• Family Friendly Policies: Families will be supported through the requirement that all centers post their licenses; the posting of daily schedules reflecting physical activity, rest time, and learning activities; and, flexibility to bring in food or ask for adjustments to best meet the dietary needs of their children.

    • Flexibility to Implement More Efficient and Effective Operations: Early learning centers directors and staff will be able to reduce paperwork and have more flexibility to choose professional development for their staff. Directors will no longer have to get state approval for the 12 training hours required annually for all staff. Instead, they will choose from a set of relevant topics and pick the trainer or professional development program best meeting the needs of their staff.
    Act 3 of the 2012 Legislative Session calls for a unified system of early childhood education and care to ensure all children enter kindergarten ready to learn. In 2012, BESE approved a multi-year plan for implementation. At the state level, this plan involved the consolidation of early childhood oversight functions under one state board, BESE, and under one state agency, the Department of Education. This will allow for consistent, streamlined regulation and consistent accountability for results across child care, Head Start, and pre-kindergarten.

    The Department announced the first cohort of pilot communities for the Early Childhood Care and Education Network in April 2013. A second cohort was announced in February 2014. A third cohort, consisting of applications from all remaining school districts not in the first two cohorts, will be announced in January 2015. All three cohorts will work to unify enrollment and access for families, implement common standards with shared measurement, and ensure equal access to professional development for teachers in all program types to improve the lives of Louisiana's youngest learners.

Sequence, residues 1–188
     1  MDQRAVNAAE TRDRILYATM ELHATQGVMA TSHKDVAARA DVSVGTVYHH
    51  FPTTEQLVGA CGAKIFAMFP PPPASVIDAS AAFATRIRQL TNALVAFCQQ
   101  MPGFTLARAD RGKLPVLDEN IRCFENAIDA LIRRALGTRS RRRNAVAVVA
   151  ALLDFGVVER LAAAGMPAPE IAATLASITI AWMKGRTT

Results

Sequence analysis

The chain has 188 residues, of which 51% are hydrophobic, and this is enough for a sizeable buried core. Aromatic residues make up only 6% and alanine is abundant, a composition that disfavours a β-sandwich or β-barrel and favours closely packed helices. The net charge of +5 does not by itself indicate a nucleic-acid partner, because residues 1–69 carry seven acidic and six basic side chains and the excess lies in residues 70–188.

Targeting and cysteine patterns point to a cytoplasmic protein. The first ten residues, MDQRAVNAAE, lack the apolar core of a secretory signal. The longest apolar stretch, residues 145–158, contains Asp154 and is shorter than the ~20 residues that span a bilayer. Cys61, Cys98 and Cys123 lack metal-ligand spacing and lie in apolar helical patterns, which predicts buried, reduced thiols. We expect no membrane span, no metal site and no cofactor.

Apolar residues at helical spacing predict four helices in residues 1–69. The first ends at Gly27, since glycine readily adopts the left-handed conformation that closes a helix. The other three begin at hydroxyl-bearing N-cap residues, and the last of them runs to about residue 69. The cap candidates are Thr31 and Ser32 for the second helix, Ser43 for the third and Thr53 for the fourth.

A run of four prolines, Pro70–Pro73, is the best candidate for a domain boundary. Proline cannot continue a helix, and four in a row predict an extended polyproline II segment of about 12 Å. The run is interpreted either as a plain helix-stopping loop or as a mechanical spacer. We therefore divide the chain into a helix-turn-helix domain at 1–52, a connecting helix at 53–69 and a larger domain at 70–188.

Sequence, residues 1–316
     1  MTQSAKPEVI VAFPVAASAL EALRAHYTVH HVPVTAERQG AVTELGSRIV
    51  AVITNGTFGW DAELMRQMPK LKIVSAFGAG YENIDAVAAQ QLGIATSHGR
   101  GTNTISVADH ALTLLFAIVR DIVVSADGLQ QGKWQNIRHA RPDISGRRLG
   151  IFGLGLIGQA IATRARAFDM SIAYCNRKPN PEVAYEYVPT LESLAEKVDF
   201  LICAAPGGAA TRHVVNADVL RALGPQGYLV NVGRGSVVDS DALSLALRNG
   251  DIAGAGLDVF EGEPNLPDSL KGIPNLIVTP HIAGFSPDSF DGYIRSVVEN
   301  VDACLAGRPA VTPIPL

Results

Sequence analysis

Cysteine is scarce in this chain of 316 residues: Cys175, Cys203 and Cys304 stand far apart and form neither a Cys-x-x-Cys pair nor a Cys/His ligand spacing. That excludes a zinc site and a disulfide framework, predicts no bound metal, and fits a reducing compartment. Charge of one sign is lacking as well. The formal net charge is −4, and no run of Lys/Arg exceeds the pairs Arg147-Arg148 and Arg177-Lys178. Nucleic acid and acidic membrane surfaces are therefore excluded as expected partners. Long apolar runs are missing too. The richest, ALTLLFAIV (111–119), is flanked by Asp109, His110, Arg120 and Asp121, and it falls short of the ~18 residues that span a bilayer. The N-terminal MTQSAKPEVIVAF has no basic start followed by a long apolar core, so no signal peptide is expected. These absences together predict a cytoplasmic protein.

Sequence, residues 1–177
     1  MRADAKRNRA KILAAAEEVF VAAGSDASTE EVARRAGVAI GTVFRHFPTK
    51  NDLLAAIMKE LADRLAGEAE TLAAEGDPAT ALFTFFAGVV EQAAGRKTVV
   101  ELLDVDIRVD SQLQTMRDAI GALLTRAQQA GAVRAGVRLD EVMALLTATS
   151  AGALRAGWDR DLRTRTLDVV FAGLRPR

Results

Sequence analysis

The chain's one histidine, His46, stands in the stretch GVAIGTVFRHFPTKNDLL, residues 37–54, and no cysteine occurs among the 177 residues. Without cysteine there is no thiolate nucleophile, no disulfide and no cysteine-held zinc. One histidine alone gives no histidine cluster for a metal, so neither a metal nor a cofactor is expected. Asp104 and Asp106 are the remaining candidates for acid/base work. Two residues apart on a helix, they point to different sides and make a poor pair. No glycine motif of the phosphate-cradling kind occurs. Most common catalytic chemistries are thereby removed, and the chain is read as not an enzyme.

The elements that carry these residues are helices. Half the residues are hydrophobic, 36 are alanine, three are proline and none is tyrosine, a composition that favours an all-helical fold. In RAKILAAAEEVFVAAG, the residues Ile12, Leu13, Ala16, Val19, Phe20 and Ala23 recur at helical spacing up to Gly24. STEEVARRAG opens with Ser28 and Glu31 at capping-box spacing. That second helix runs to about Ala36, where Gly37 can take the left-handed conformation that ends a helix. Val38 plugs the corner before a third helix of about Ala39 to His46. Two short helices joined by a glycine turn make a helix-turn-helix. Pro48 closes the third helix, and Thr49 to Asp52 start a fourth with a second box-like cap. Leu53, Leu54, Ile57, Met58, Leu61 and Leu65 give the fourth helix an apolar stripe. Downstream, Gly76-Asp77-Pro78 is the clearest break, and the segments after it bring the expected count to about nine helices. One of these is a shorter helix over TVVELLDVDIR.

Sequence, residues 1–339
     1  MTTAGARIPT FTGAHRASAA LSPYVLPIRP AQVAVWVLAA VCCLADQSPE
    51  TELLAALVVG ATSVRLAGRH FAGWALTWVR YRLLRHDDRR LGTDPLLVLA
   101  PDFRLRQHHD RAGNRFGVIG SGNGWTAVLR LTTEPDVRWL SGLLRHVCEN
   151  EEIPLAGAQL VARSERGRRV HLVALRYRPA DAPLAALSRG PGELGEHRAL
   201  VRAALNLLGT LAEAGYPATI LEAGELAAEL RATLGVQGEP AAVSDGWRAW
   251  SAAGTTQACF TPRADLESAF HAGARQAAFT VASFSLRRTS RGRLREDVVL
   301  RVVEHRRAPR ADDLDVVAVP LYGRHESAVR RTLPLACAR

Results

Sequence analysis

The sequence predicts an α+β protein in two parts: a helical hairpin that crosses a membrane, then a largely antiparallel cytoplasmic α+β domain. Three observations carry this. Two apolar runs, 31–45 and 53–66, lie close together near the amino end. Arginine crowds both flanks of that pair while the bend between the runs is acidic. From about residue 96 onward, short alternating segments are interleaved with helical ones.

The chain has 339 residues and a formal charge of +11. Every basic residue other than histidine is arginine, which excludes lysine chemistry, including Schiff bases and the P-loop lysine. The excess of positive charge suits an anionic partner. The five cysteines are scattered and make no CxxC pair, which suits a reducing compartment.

"The Child Care Association of Louisiana (CCAL) is excited about the Department of Education's revised regulations that will continue to ensure the health, safety and welfare of our children in the state of Louisiana," said Alan Young, Child Care Association of Louisiana. "It is through these new regulations and the implementation of Act 3 that we will ensure our preschool children will enter school ready to learn. CCAL is looking forward to this bold and courageous partnership with the Department of Education and our collaborative effort to provide every child the highest quality early childhood education."

    For more than a year, the Department has worked closely with experts, child care and Head Start leaders and other stakeholders on the licensing regulations. Staff participated in a stakeholder workgroup, created a new email address to receive feedback, conducted multiple webinars and collaborated with pilots to host in-person sessions around the state. Following these efforts, the Department presented a draft set of licensing regulations to the new Early Childhood Care and Education Advisory Council, which was formed in October. This council advises BESE and the Department in implementing the landmark unification of the state's early childhood systems. In early November, the Council spent hours reviewing the draft and provided 60 recommendations. Nearly all of these recommendations were included by the Department in the regulations that will be presented to BESE. The next meeting of the Advisory Council will be held on December 8 at 10 a.m. in the Claiborne Building in Baton Rouge.